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Topic: ARTICLE: What kind of sampled articulations do we REALLY need ?

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  1. #1

    ARTICLE: What kind of sampled articulations do we REALLY need ?

    I did some research on a selection of familiar movie trumpet themes. What kind of articulations, note lengths and attack-velocities are most common in these themes? This is really a topic to think about!

    In other words --- WHAT KIND OF SAMPLED ARTICULATIONS, PERFORMANCES DO WE NEED MOST ?

    The results and conclusions to this research I collected in an article, which is free for ANYONE to read here:
    http://www2.hku.nl/~maarte2/public/articulations.html

    Please read it, if you can spare the time. In my opinion, the results are really surprising!

    Maarten Spruijt

    ------------------
    ( www.maartenspruijt.com )
    Music demo: http://www2.hku.nl/~maarte2/audio/tpsuite.mp3
    ICQ: 37834976

    [This message has been edited by Maarten Spruijt (edited 08-31-2001).]

  2. #2

    Re: ARTICLE: What kind of sampled articulations do we REALLY need ?

    I can\'t believe we\'re giving this out for free! Maarten, I am cutting you off of the Britney flow!

    Anyway, get it while it lasts.

  3. #3

    Re: ARTICLE: What kind of sampled articulations do we REALLY need ?

    Absolutely fantastic approach Maarten.
    When you have to make decisions on what articulations to leave out, and you\'re making a library which is designed to emulate popular film music - this is the way to go.

    Now if everyone could just take your template and apply it to their own ten favourite scores...

    I might not be the best to do this because I tend to like my portatos baked, not fried.

  4. #4

    Re: ARTICLE: What kind of sampled articulations do we REALLY need ?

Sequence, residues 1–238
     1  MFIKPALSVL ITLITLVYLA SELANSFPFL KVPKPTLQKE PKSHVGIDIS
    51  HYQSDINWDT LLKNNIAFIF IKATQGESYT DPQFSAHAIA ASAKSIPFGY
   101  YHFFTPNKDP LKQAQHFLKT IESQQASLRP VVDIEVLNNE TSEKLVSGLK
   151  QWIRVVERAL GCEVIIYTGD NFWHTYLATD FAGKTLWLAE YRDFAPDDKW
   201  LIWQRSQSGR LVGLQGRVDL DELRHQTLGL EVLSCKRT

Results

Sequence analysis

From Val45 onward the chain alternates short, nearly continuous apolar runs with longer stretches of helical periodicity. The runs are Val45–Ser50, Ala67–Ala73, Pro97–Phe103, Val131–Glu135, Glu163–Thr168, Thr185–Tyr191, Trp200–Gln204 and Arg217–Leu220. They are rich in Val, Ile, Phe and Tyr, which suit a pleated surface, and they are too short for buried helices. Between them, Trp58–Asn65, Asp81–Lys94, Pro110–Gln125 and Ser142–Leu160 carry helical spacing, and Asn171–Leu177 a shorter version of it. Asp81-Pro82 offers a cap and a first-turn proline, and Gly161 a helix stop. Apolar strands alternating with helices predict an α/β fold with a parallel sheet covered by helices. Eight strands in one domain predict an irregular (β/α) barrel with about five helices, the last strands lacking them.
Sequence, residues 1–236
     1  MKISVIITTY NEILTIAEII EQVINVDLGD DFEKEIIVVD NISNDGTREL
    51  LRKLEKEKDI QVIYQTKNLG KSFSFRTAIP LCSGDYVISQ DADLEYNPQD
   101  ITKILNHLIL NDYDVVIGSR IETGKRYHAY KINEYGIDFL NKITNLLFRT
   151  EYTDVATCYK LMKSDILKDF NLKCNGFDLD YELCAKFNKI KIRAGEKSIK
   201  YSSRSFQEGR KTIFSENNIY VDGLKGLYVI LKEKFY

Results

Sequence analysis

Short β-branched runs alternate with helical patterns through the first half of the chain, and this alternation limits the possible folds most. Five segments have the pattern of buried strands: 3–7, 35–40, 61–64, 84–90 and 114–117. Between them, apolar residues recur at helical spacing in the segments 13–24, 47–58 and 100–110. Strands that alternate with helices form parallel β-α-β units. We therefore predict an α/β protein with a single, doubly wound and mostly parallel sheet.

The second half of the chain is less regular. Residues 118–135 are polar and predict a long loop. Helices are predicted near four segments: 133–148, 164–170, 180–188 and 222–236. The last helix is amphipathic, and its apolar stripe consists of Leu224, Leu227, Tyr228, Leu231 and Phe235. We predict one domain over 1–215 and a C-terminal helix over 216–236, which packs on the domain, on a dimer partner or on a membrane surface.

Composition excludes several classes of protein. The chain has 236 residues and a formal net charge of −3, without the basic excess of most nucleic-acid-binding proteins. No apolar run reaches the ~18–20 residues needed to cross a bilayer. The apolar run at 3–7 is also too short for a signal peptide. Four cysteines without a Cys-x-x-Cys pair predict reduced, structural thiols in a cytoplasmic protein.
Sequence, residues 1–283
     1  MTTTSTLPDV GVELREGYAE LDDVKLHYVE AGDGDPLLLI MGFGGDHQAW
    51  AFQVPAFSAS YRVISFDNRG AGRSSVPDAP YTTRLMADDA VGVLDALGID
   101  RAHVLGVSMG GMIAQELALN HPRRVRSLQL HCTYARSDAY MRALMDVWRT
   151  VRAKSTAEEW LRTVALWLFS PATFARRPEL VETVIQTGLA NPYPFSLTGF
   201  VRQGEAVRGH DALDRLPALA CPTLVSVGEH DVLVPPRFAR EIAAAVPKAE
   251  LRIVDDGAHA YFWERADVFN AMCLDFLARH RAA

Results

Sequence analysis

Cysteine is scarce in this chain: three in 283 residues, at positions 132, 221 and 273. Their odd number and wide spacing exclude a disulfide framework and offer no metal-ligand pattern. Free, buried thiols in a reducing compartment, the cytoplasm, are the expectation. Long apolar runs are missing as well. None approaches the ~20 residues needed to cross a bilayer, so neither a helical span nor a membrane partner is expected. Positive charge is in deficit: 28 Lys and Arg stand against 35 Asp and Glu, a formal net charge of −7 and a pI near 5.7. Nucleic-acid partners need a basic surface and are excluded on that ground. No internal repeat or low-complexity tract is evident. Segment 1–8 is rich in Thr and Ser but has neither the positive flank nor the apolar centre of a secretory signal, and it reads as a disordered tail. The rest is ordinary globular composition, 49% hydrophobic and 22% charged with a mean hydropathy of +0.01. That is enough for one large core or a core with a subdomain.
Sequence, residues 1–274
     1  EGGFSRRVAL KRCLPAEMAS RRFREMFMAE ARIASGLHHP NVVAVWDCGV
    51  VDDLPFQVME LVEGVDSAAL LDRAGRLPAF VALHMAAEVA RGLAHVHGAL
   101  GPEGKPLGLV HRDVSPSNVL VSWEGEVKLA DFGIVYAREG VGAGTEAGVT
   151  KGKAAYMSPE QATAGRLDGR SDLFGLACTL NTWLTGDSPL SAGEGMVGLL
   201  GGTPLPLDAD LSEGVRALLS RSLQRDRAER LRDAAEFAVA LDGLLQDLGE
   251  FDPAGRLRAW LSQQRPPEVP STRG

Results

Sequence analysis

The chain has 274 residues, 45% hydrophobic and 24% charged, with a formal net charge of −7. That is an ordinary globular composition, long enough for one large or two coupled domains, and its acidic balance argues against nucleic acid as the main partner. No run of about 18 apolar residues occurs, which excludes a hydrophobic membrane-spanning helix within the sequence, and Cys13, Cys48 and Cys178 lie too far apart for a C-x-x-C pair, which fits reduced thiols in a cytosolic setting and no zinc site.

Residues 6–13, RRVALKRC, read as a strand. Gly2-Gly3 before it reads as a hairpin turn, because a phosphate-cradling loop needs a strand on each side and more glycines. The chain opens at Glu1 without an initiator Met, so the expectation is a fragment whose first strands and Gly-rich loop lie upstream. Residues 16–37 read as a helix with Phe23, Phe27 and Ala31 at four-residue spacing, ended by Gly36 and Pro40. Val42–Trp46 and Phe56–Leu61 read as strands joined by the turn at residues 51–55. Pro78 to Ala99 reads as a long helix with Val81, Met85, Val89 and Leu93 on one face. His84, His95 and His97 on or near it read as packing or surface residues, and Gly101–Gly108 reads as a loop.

Hey Marc, leave his Britney alone!

    Unless you want to spend ages picking apart a couple of hundred film scores, I think opening this idea up is a good way to go.

    This way, if someone has twenty spaghetti westerns they like, they can put up the articulation analsyes, leave it at that, and you won\'t be being hassled as much for niche styles. Doesn\'t mean you have to use them either, does it?

    Maybe you should offer anyone that does a unique analysis of ten scores a ten percent discount, or a guaranteed opportunity to be a beta tester...

  5. #5

    Re: ARTICLE: What kind of sampled articulations do we REALLY need ?

    One thing you might want to think about -- are those articulations that are used most really what is going to make it sound more realistic? Or does the realism stem from some small detail that only comes up here and there.

    Take the stacatto and stacatissimo articulations. Obviously the shorter of the two is shown in your example to come up far more often than the longer one, but without having a longer one to use it with it would completely lose it\'s desired effect. So, I\'m hoping that you are planning to not just include the most commonly used articulations, but also those that will be used to contrast with them. (IE, including a plain stacatto, not just the stacatissimo). It would be nearly impossible to use one length from a different library, becuase of differences in tibre and mic\'ing.